With the development of smartphones, IoT and complex automated systems such as autonomous vehicles, there are more and more opportunities to integrate sensor-driven machine learning and optimization into embedded systems.
These technologies are widely used in AI, but why exactly use a nonlinear solver into embedded systems?
The solver may be used during the training phase of a Machine Learning model
For instance, a vision system that detects defects on a production line may have learnt from a set of data comprised of both compliant and faulty products. In practice this training involves the adjustment of many parameters in order to minimize the error rate. This often means solving a nonlinear optimization problem.
During the training phase of the model, many parameters are chosen in order to minimize a nonlinear objective function comprised of both the error and a regularization term.
In many cases, the training phase is carried out in the cloud, and the trained model is used to perform inference on the device. However, this process is slow because of the time needed to transmit the data and model updates between the device and the server. In situations where the device is expected to learn and respond to the new scenario instantly, there will be a need for local model updates. Local training also addresses the important issue of privacy, as the data does not need to leave the device.
Some applications require to perform real-time numerical optimization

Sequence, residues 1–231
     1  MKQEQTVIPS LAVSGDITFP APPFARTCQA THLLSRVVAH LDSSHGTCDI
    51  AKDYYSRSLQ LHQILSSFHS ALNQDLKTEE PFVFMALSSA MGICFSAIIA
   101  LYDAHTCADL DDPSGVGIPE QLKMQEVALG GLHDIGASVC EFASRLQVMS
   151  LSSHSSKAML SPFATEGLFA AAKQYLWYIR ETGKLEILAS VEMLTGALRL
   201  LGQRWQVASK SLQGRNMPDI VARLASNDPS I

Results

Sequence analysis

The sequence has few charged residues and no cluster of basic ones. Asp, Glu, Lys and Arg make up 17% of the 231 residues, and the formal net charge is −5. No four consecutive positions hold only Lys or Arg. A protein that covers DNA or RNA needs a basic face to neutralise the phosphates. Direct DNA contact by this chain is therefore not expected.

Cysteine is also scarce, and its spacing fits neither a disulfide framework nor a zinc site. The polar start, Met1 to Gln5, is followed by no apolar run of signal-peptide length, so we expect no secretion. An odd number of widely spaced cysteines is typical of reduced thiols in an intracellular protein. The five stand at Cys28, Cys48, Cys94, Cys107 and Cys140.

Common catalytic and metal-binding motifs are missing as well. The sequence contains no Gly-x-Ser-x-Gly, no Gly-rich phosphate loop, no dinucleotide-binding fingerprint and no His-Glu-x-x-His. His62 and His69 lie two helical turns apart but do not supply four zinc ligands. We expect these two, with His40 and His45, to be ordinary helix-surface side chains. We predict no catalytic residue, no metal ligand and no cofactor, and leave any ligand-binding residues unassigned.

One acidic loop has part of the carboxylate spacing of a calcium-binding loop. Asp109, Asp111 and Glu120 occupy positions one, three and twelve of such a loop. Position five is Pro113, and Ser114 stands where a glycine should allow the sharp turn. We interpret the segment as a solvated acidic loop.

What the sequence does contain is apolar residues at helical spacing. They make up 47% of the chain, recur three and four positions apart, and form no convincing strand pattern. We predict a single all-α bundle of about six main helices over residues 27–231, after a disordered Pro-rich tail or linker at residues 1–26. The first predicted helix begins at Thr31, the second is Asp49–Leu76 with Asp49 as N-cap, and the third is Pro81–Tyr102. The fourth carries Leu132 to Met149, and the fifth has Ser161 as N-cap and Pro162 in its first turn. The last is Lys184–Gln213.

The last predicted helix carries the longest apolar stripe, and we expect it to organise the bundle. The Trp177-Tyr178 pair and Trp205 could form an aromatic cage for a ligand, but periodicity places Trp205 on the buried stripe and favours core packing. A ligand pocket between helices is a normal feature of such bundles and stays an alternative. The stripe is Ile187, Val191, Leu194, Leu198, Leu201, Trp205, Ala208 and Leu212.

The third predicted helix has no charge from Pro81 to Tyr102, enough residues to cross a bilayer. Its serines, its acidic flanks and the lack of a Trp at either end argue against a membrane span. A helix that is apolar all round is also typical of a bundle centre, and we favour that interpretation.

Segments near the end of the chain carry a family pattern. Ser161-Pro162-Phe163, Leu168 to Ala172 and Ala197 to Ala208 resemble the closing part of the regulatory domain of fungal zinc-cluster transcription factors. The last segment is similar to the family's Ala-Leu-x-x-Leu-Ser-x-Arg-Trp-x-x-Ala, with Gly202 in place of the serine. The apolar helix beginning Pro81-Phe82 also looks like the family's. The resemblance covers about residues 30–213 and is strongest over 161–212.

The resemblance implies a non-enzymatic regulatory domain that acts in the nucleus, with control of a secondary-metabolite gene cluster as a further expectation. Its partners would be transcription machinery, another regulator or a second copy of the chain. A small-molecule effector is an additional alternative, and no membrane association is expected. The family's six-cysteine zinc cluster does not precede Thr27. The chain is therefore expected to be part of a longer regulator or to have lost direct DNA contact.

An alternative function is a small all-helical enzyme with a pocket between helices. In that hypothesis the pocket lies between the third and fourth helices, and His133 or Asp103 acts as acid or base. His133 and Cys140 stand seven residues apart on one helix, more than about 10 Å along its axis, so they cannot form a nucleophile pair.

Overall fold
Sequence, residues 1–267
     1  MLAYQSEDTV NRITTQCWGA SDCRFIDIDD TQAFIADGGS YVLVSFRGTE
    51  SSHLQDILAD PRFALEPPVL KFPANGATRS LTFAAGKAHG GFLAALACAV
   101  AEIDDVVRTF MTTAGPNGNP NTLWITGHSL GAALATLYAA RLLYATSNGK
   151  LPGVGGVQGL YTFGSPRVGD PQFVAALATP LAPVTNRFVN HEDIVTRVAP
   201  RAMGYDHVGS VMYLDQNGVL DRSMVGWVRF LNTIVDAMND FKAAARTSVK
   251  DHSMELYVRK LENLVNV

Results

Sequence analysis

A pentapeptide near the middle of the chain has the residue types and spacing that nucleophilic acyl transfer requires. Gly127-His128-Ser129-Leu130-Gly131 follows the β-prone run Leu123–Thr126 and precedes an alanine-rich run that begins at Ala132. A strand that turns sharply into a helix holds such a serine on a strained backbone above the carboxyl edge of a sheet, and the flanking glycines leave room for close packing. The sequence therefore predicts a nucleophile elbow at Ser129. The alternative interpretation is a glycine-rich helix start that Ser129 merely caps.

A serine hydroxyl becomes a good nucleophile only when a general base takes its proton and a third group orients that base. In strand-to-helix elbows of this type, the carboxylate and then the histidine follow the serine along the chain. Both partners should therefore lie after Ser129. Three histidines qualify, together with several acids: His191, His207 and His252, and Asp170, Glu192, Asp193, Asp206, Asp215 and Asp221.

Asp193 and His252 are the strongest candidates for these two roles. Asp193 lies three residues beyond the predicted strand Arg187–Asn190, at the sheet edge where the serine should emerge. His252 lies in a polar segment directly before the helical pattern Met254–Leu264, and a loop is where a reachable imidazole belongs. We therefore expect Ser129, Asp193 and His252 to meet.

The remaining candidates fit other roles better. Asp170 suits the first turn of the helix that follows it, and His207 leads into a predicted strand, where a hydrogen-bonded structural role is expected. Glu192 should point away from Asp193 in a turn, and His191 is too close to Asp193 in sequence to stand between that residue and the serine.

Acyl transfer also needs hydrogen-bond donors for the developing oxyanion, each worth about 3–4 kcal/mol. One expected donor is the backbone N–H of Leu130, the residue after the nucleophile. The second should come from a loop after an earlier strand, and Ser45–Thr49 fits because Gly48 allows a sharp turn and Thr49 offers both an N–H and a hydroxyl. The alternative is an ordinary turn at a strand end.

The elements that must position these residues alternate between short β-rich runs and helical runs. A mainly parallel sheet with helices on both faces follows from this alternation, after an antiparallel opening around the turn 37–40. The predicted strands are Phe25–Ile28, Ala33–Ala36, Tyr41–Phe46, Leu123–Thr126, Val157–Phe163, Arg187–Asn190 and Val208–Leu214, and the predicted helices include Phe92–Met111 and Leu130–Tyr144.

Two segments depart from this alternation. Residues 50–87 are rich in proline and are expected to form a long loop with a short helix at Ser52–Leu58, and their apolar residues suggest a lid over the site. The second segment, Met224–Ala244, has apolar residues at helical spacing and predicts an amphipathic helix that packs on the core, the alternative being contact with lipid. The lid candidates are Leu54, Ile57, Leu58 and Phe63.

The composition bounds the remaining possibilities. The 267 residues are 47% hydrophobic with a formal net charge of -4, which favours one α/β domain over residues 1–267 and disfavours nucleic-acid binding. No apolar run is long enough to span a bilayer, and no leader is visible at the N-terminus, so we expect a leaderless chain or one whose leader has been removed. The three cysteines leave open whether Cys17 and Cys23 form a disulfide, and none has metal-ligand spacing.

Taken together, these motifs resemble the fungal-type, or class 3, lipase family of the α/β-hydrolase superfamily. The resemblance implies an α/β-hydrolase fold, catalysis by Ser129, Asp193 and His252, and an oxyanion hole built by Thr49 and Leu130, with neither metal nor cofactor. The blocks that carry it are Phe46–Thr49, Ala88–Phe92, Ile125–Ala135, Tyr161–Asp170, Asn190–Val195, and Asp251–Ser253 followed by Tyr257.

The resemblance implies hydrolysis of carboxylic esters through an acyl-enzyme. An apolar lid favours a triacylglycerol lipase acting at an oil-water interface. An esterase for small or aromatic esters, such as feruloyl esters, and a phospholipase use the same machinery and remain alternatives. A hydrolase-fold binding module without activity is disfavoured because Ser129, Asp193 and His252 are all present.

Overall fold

Self-driving cars integrate machine learning and optimization in a complimentary way. The first enable the system to learn how to identify static and moving objects, as well as signalization.
Then the vehicle must compute a trajectory towards the desired location that maximizes safety and comfort while minimizing energy consumption and travel time, taking into account obstacles, signalization, road shape… This is a nonlinear optimization problem. And there are many more examples of embedded optimization such as drone stabilization or rocket landing!
Knitro 12.2 is available on demand for ARM processors (ARMv7 (32 bits) and ARMv8 (64 bits)). Moreover, for the enthusiasts, Knitro is available for Raspberry Pi (ARMv7, Raspbian 9).
— In association with the French Energy Poverty Observatory (ONPE), Artelys has developed GEODIP, a tool including various cartographic representations of energy poverty in France. GEODIP is already available free of charge for local stakeholders.
The MIT Biomimetic Robotics Lab uses Artelys Knitro to achieve High speed landing of quadruped robots
— There are various and fascinating projects adopting Artelys Knitro. Recently, the MIT Biomimetic Robotics Lab used our nonlinear solver on quadruped robots. Artelys Knitro has been found to be the only non-linear solver capable of performing fast enough to be deployed onboard their robot for a real-time Optimal Landing Control.
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